Week 4 reflection
Thank you for completing Week 4 of the course. In this week we turned our attention to some of the core tools and techniques that have become associated with healthcare improvement and how these can sometimes imply a redesign of services, breaking away from the classic model of the professional organisation described in Week 2. Specifically, we addressed three main concerns.
First, we introduced you to the emerging field of healthcare improvement science. Following Professor Øvretveit, who we met in Week 1, quality improvement is defined as ‘changing provider behaviour and organisation through using a systematic change method and strategies’. We saw how this had been associated with a plethora of tools and techniques, many of which were first adopted in industry. We also note how, in more recent times, these tools have been used in healthcare, pioneered by Don Berwick in the United States, one of the founders of the Institute for Healthcare Improvement (IHI).
Our second concern in week four was to explore in detail one of the tools that has been used extensively in healthcare organisations across the world: lean systems. We heard from Dr Nicola Burgess, from Warwick Business School, how lean originated from the Toyota model of manufacturing and was popularised in the text: The Machine that Changed the World. We also looked at examples of lean implementation in different health systems, including Australia (Eastern Health) and the UK NHS. These examples illustrate the transformational potential of lean methods to reduce waste and improve quality, especially when they are part of a longer-term strategy. However, as we also heard from Professor Amrik Shoal of Monash University, lean principles are often very hard to implement in practice and even harder to sustain over time.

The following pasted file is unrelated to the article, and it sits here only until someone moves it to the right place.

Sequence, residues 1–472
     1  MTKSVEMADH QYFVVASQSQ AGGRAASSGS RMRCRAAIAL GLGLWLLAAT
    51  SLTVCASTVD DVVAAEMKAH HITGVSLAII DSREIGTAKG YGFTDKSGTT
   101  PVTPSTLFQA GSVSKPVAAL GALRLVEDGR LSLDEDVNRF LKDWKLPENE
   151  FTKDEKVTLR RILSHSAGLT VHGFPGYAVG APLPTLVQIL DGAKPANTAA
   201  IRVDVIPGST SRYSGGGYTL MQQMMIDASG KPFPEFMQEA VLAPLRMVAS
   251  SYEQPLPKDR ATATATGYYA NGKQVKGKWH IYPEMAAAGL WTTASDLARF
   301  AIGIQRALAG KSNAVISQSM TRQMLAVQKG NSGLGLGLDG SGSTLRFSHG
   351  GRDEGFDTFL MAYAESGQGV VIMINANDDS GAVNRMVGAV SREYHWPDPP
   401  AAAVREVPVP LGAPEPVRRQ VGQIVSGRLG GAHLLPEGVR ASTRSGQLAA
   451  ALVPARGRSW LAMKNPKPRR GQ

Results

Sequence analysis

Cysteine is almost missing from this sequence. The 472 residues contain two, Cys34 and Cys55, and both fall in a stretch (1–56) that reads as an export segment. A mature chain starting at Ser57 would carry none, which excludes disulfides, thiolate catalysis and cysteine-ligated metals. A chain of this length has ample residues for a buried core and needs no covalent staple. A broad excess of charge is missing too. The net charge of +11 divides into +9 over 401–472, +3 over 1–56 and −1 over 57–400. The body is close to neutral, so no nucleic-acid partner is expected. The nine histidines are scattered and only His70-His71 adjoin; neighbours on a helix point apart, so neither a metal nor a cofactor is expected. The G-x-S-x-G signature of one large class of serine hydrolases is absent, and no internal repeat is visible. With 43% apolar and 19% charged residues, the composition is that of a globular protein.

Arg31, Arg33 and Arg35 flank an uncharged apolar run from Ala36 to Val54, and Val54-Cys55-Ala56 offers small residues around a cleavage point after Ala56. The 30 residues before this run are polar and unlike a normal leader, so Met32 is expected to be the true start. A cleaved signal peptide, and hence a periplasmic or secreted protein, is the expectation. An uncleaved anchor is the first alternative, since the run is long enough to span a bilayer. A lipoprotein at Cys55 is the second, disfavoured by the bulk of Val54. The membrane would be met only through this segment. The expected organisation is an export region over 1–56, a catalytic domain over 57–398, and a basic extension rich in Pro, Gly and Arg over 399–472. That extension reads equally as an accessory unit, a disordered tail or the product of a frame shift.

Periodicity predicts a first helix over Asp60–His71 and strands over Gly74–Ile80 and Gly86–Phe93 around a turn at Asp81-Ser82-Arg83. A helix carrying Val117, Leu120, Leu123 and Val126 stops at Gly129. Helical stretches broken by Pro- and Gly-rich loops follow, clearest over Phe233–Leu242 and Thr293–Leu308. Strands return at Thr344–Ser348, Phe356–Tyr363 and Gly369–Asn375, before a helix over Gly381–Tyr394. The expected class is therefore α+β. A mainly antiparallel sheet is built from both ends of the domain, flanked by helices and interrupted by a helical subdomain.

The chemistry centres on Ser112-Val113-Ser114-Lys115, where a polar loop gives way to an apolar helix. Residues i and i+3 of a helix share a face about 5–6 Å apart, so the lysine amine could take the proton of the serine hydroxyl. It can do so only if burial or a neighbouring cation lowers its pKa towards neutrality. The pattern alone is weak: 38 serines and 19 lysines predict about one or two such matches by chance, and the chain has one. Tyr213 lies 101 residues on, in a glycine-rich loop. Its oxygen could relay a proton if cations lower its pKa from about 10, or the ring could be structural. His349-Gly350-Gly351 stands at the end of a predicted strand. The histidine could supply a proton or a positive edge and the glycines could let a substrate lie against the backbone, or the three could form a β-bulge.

Lastly, our objective this week was to reflect on some of the bigger questions that are raised by quality improvement tools such as lean, surrounding the way health organisations are designed and managed. As we heard from Professor Federico Lega at Bocconi University, many health services are now moving beyond small scale QI initiatives to more radical forms of organisational innovation which question the whole basis on which hospitals have been organised and managed to-date. Implied here are new ways of organising clinical work which cohere around pathways, activities or patient populations rather than professionally defined specialisms. This kind of change also has implications for workforce and human resource management policies, which we considered in the final step of Week 4. However, it is clear that all of these changes are still at the inception stage and that, for the time being, other ways need to be found of enhancing the ability of clinical professionals and organisations to generate improvements and innovations in healthcare.
One such method are clinical networks which we will now go on to consider in Week 5.
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